Mark Parsons is back in the NWSL. After starting his career with the Washington Spirit, Parsons is back again for another round in the nation’s capital.
Parsons was named Washington Spirit head coach on Monday, Nov. 21. He returns to the National Women’s Soccer League after coaching in the Netherlands, where he was the Dutch manager for a year from 2021-2022. He and the Dutch mutually parted ways after the Netherlands’ loss to France in the EURO 2022 quarterfinals against France. Parsons coached the Spirit from 2013-2015, and then jumping ship to the Portland Thorns, where he won the 2017 NWSL Championship.
During his time in Portland, Parsons won the 2017 NWSL Championship over the North Carolina Courage, but also capyured two NWSL Shield Titles (2016 and 2021), the NWSL Challenge Cup title in 2021 and the Women’s International Champions Cup title in 2021.
Parsons said that he is ready for a return to the “intense” NWSL. He also spoke about, when talking to Washington owner Y. Michele Kang, there was a clear vision for the Spirit.
“Michele has been very, very clear in her vision,” Parsons said. “After multiple conversations, she not only has the vision, but she’s acting and putting everything into that vision. Every time I speak with her and Mark (Krikorian), something else has happened. There’s a new person, a new hire, a new project underway.”
The common theme through Parsons remarks was conversation about vision, but also the Spirit’s future. Parsons is no stranger to building teams. He did it before with Washington in his first NWSL coaching stint, and he did it in Portland, too.
“It takes time, a building process, to get to the good moments,” Parsons explained. “We’re going to have that in 2023. It’s about now, tomorrow and next week, but also with the future in mind. Same with D.C., in 2014, it was about winning championships in the future. In my first year in Portland, we were minutes away in stoppage time to face my old team in the final. It would have been a great experience.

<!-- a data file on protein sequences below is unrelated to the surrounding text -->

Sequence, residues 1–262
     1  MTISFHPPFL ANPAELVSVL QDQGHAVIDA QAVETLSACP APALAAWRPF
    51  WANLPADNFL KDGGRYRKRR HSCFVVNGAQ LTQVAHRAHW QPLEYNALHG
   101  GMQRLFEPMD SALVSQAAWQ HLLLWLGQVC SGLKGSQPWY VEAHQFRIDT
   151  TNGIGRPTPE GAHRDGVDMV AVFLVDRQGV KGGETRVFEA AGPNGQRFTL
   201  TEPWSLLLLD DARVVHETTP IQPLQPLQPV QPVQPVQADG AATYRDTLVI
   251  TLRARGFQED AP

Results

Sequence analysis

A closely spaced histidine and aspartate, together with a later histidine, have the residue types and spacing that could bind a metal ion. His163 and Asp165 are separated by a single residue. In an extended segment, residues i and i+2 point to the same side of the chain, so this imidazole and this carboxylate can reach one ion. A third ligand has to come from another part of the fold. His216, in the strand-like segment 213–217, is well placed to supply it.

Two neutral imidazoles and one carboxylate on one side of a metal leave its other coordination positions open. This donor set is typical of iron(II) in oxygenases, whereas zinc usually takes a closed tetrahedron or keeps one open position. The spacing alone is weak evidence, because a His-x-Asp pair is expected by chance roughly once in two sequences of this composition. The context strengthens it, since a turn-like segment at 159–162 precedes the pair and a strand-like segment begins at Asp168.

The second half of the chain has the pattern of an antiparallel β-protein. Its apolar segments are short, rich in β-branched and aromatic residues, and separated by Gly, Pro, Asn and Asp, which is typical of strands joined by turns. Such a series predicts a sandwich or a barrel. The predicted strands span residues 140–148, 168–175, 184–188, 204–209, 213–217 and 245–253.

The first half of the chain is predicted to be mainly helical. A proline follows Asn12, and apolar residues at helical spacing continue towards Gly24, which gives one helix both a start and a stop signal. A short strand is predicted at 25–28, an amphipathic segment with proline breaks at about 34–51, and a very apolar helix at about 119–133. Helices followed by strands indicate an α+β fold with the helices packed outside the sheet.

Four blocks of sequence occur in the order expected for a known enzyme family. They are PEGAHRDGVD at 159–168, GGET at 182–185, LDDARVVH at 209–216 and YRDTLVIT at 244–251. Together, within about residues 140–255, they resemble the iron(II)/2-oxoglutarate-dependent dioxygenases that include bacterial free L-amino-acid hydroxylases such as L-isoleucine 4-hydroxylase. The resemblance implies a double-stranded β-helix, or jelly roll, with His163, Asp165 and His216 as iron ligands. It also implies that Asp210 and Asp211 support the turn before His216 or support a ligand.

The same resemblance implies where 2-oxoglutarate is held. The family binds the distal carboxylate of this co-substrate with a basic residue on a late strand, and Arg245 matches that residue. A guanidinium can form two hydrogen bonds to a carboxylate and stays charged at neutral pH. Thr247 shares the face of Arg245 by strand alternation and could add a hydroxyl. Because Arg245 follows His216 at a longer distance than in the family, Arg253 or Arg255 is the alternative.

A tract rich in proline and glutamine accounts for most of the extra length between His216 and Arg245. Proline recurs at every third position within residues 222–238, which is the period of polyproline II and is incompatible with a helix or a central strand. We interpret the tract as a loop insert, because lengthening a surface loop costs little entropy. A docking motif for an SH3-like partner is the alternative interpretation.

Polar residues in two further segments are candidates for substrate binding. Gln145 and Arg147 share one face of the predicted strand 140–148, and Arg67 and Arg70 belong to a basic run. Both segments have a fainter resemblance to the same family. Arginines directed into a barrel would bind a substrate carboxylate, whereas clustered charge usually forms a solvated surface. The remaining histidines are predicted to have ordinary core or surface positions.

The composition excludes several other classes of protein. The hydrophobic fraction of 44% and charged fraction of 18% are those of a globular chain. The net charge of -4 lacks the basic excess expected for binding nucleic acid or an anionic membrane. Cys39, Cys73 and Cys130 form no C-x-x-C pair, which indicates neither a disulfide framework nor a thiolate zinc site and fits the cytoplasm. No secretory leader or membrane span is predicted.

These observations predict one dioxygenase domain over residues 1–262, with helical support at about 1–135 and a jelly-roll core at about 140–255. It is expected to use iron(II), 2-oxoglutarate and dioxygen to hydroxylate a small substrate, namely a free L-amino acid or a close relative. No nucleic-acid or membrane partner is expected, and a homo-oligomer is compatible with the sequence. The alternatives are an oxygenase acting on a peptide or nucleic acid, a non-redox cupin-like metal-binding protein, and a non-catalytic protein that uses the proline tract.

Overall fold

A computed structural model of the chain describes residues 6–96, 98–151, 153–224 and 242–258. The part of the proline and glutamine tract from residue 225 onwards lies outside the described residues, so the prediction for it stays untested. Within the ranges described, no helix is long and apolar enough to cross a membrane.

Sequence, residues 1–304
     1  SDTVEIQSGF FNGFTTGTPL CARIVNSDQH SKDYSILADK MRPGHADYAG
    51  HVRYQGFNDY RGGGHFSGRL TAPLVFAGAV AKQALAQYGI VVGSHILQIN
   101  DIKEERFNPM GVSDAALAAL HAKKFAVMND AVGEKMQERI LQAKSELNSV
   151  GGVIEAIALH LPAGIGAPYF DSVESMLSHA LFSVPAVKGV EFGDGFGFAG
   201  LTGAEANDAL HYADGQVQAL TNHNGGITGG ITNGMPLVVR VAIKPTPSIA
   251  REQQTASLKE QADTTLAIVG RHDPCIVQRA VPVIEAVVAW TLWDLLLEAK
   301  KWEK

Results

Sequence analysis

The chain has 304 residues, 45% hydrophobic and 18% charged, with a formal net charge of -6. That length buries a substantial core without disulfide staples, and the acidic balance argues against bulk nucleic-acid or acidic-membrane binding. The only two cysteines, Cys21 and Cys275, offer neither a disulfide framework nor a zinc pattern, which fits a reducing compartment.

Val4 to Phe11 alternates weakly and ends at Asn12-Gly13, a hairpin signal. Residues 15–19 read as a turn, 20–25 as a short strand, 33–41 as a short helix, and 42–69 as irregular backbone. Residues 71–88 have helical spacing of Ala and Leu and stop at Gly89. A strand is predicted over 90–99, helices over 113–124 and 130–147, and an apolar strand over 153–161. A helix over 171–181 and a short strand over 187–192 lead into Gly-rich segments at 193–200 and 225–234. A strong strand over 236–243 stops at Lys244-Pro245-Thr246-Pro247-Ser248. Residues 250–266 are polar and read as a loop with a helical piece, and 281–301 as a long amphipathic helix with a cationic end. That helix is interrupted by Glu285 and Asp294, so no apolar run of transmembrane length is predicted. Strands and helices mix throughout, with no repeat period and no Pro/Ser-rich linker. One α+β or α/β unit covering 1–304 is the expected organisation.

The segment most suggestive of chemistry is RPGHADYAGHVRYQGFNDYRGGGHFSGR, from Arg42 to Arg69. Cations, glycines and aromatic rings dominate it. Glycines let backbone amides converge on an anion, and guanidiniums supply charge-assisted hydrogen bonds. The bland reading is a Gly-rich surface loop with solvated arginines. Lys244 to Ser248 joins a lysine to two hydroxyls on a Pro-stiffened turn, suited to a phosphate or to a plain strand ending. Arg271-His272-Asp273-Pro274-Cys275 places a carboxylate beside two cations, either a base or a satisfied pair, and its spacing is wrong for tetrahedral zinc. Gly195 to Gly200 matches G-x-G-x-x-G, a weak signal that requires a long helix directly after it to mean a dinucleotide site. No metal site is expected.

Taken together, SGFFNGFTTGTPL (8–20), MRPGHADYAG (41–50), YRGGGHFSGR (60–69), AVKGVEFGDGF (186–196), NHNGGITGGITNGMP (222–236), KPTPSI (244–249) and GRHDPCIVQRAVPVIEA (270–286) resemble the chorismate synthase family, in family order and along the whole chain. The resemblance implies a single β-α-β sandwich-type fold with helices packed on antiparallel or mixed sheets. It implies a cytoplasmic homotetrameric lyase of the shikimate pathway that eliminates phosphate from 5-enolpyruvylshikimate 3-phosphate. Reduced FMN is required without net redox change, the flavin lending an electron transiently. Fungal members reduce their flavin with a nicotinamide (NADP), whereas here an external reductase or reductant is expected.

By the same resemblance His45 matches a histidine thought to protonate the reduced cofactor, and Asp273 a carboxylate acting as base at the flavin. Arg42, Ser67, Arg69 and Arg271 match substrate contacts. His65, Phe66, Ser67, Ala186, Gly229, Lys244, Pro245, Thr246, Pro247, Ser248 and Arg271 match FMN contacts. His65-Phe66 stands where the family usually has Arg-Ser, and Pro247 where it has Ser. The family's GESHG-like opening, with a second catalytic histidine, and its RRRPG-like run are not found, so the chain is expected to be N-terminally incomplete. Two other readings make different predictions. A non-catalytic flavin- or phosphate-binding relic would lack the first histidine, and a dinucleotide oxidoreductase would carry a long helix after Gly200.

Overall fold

“The vision is very clear, and it starts from the top with Michele. I think she made that clear with hiring Mark [Krikorian]… I want to be able to learn, support and grow [from Mark],” Parsons continued. “Mark has the main job of executing the vision. I’m just grateful to come in and play a part that’s bigger than all of us — giving female athletes the platform they deserve.”
Parsons explained that the hiring of key staff members has also been focused toward the present and future. Washington recently hired former Chicago Red Stars assistant coach Morinao Imaizumi, giving him the player development coach role. Dawn Scott, formerly of the U.S. women’s national team and Inter Miami in MLS, has been hired as the senior director of performance, medical and innovation. Parsons also inherits a coaching staff that includes Angela Salem — who recently welcomed her first child and played for Parsons in Portland and one year in Washington.
“If you look at what Mark has done, it’s unbelievably modern and big picture,” Parsons said. “There have been key hires and I’m allowed to be involved in the process. It’s very difficult for me to find anyone that’s going to bring the expertise that he has. There is a foundation that can build the club and there is space where I can bring in staff and I would like to work with and have worked with. This was the first step. In regards to Angela, I see that as a valuable piece. Having someone that has been on the playing side, but it also speeds up the messaging from the staff. She knows that part… We want to bring success back to D.C. and that takes a lot. Over the next few months, you’ll see more in completing the staff.”
Parsons also inherits a roster with plenty of youth. Washington has 2021 Rookie of the Year Trinity Rodman leading the attack, along with regular U.S. call up Ashley Sanchez and 2021 Golden Boot winner Ashley Hatch. Recently, the team exercised club options on Sam Staab, Jordan Baggett, Dorian Bailey, Bayley Feist, Anna Heilferty, Maddie Elwell and Tara McKeown, while extending contract offers to Camryn Biegalski, Julia Roddar and Marissa Sheva.
Parsons said that the young team is “very hungry, wants to grow, wants to learn and be challenged.”
“They had great success in 2021. We know there is going to be a great challenge ahead,” Parsons said. “We have to be a team. When I spoke to the team early on, that was the most important thing: identity on and off the pitch. Building a team takes time. I’ve been there, I’ve seen it and I know every experience is different. When you have a group that wants to learn, you have a chance.”
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